This time last year, I published a small piece on archives in History Workshop Journal 72’s feature, ‘Coalition Cuts’. Ironically – though at this point I’m not focussing on the dispiriting history of The Women’s Library (TWL) – the peg on which I hung the article was the award of ‘UNESCO Memory of the World’ status to documents on woman suffrage, held in the Parliamentary Archives and TWL. I hoped to draw academics’ attention to the overall situation of archives and special collections within universities – which was, in a word, endangered – and suggested that because ‘no single body in Britain holds the ring for archives’ academic historians would have to take steps to support them.
2012 has exceeded any pessimist’s wildest imaginings with respect to archival resources in Britain. I’m not now writing to berate academics – far from it; they have been at the forefront of efforts to stave off shutdowns, sales and destruction. But I am accusing those bodies who do have a protective remit of gross dereliction of duty.
In last year’s article, I referred to the Archives and Records Association (ARA), then a recent merger between the Society of Archivists and the National Council of Archives; amongst other things, it was set up as a secretariat for the all-party Parliamentary Group on Archives and History. Attempts at the time to get more than these bare facts from the ARA and the all-party group were fruitless: a promised reply from the ARA did not materialise and my email to a member of the all-party group, who might have been assumed to be friendly to HWJ, did not receive an acknowledgment.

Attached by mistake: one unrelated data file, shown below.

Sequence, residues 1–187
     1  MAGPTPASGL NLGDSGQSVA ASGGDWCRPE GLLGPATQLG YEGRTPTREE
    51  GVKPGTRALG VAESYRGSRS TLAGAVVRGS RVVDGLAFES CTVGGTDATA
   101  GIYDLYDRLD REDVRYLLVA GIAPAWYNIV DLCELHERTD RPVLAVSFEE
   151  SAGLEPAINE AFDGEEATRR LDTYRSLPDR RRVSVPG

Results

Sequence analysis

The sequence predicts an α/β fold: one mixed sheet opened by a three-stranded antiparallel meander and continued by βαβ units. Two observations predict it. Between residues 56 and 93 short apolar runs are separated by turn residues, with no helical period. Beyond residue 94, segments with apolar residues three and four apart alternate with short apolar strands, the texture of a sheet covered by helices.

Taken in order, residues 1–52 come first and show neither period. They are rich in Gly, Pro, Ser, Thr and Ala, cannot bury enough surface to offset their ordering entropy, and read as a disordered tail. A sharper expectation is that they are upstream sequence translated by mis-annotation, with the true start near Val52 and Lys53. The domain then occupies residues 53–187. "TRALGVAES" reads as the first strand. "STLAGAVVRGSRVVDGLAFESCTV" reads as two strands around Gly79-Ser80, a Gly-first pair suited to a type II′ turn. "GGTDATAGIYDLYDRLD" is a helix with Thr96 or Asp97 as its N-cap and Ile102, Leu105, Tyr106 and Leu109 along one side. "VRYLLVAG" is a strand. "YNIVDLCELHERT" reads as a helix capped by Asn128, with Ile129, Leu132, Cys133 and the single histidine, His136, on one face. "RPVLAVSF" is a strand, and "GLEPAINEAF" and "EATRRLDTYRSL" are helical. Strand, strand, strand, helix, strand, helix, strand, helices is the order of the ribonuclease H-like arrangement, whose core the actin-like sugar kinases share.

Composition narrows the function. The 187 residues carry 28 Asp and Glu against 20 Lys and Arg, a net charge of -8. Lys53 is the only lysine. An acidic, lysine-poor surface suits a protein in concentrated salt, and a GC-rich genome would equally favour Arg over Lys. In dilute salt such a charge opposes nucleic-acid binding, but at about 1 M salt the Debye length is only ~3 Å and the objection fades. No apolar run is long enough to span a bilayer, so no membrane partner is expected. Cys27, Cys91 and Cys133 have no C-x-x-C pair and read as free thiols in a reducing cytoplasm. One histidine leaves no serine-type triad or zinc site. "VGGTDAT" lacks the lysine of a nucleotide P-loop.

In spring this year came the first bombshell; London Metropolitan University announced that, if no alternative custodian came forward, it would withdraw funding from The Women’s Library. To be precise, it proposed to open TWL for one day a week with no dedicated staff for three years, and then think again. We were supposed to believe that this was not the same as closure, and to imagine that no harm could come to priceless items from being left untended, or inexpertly manhandled, for long periods in a building which, despite its aesthetic strengths, has always had very dodgy plumbing. From the women’s movement and the academic community came a huge public outcry; from the ARA and the all-party group, not a squeak.
In June, it was announced that the archives of the Catholic Church in Scotland were being dispersed from their Edinburgh institution, Columba House, to no fewer than eight separate diocesan locations. In July, concerned historians at the University of Kent sounded the alarm as the Law Society broke up the Mendham Collection of rare books and archives by removing 300 of the most valuable items for sale at Sotheby’s; these have been on indefinite loan to the University and Canterbury Cathedral since 1984.
And worst of all these – although it’s not a competition – has been the latest news from Ruskin College, Oxford. Despite a copper-bottomed offer from the Bishopsgate Institute to house all Ruskin’s archives, the Principal has sent large quantities to be pulped and shredded, and it is left to the academic staff to halt proceedings and salvage what they can.
The other day I stood politely at a reception at the House of Lords, organised to launch the Campaign for Voluntary Sector Archives, as representatives of The National Archives and of the all-party group talked about the good work they did issuing guidelines for the care and maintenance of organisational records.
It was as if a bunch of firefighters were handing out leaflets on fire prevention while standing, apparently oblivious, next to a blazing building. When are they going to get out the hoses? Where is the political will to co-ordinate the efforts of different bodies working for archives? And who will create pressure on the Department of Culture to dedicate the funding they need – a fraction of the sum currently touted for the commemoration of 1914 – if these national organisations, even in such an annus horribilis, cannot find a voice?